When Seasons Are Forever

It’s a powerful gift when someone just lets your PAIN BE WHAT IT IS.

Not explaining it away, or saying, “Well, God must be doing this or that, or this other thing.”

My sister-in-law inspired the poem, Age, because she just sat with me in my pain, didn’t rush me out of it, called it out for the “forever” season it was, and genuinely hated infertility without trying to arm wrestle it into something good.

Infertility wasn’t good. It wasn’t a gift. God made beauty within it and despite it. I was filled with life, hope, and joy + received healing I was desperate for. . . but infertility itself remains a broken thing that is traumatic, sorrowful, and hard.

What a gift to learn I could love God with all of me, fully trust Him and live in hope from Him without ever trying to make infertility the good thing.

I could hate the pain without bitterness, grieve the loss extensively, and still completely love God.

I could experience His kindness without contorting His kindness into the brokenness of infertility.

Anything good I experienced during infertility is because God changed it. He made the childless story different. He gave the barren woman LIFE. He didn’t let infertility stay the story.

And that was all before my son’s miraculous life.


Why I Wrote Hope Gives a Eulogy

Infertility is a sudden and subtle jolt of pain and grief. It took a lot for me to actually be really honest with myself and God about the state of myself and my belief in His goodness + kindness. God felt mean to me. I said the things I meant without filtering the reality of my pain and my perceptions of God. I learned to trust God with my vulnerability, who I really was without “spiritual speak.”

I lashed out toward God. God stayed. And so did I.

But I had a lot to process.

The poetry in Hope Gives a Eulogy takes you through the cyclical emotions of questioning, grieving & healing.

Writing Hope Gives a Eulogy has been a way for me to honor + remember the story I’ve lived alongside God. The poetry in this book expresses my love toward Him while also meeting women in the wintry seasons of their soul.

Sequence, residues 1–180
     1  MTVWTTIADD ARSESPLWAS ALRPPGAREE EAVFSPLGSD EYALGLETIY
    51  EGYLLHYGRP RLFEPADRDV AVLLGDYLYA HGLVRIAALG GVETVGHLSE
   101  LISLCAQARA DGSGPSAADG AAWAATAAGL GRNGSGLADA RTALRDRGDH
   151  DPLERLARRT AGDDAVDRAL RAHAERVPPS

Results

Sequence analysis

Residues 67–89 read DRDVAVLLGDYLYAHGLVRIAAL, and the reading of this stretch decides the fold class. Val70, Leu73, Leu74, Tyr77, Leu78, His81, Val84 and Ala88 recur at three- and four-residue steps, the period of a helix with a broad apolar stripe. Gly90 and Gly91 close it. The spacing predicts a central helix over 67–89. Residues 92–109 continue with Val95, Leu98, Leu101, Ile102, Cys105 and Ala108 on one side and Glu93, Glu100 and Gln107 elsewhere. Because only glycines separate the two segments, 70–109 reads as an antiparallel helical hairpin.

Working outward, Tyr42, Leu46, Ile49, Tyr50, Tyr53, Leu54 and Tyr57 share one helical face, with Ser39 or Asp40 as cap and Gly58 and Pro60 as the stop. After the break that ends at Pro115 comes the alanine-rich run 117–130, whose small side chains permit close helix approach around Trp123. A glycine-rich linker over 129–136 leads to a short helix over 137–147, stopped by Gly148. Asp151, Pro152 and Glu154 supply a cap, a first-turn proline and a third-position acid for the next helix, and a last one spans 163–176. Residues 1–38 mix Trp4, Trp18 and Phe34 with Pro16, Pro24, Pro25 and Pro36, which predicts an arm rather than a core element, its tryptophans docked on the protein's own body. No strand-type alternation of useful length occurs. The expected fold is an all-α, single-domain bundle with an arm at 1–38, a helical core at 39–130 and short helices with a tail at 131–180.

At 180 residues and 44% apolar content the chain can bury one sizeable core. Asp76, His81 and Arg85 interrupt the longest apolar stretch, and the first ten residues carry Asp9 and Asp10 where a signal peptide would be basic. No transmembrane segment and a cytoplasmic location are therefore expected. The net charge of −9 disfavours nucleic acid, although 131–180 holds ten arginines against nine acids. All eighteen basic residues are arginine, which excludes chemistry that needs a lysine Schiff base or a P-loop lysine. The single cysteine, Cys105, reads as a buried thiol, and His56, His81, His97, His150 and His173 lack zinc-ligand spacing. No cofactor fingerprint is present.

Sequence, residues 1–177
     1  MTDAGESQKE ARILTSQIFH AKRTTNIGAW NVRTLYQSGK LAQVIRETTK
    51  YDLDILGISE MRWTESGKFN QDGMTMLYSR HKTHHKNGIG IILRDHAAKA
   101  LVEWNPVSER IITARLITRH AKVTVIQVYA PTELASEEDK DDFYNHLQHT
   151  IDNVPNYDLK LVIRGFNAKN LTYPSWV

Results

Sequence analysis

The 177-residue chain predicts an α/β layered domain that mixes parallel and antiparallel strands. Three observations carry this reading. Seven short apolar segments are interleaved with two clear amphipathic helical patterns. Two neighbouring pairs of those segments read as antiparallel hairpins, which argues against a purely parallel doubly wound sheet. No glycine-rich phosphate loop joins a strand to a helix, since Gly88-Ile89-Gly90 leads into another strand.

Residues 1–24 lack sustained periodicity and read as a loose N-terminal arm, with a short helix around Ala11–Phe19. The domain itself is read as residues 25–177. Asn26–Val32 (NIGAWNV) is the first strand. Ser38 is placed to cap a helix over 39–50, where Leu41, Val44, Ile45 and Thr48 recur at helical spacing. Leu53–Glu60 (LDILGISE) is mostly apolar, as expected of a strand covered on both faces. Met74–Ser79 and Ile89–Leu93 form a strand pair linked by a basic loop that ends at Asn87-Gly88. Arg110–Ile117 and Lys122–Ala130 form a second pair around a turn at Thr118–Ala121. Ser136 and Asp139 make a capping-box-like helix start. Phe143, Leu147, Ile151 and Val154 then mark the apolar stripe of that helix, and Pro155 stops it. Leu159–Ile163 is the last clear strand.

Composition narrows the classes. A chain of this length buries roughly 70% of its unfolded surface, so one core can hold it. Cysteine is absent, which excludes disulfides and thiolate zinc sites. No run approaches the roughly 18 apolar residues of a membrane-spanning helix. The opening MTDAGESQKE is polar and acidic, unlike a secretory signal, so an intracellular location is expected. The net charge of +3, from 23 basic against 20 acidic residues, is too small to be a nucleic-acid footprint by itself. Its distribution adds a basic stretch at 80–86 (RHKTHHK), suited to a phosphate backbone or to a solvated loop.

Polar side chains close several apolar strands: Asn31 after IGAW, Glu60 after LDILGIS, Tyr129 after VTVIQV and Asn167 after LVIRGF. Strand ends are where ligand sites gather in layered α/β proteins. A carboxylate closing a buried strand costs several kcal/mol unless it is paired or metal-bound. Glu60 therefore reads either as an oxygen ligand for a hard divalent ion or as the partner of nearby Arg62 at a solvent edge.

While God did give us a son, I need you to know the story in Hope Gives a Eulogy is not about my son. It’s not about getting pregnant or pregnancy being the source of healing. Pregnancy wasn’t THE answer. It certainly wasn’t the only impossible gift. The YEARS I grieved were somehow filled with hope and healing. Because of God. And THAT’S the story I’m telling.

The poetry in Hope Gives a Eulogy covers the death-like, hollow, scraping emotions of infertility. . .and the healing I experienced in my womanhood because of God. . .the hope of life seen in flowers, finally seen in me.

The powerful thing about Hope Gives a Eulogy is anyone who has ever experienced pain can relate. They can point to their own personal place of turmoil, depression, sorrow, grief, or heartache and say I GET IT.

Yes, infertility is a very specific kind of pain (as is all pain), and not pain is one size fits all (although all of us can feel very similarly in our unique experiences), but that’s why these poems are powerful. . . .

They speak of pain you know from places you’ve been even if it never was infertility.

Hope Gives a Eulogy is brimming with beauty, healing, hope, and resilience in the dark, awful stories that first break us, but in Christ, never destroy us. Of course, Hope Gives a Eulogy will be deeply special to those who have or are experiencing infertility, but I also think people who have never known infertility will feel surprised in such a comforting way at how closely they relate to the poetry in Hope Gives a Eulogy.

May this story told through poems, meet you where you are, see you as you are, join you wherever you.

God heals.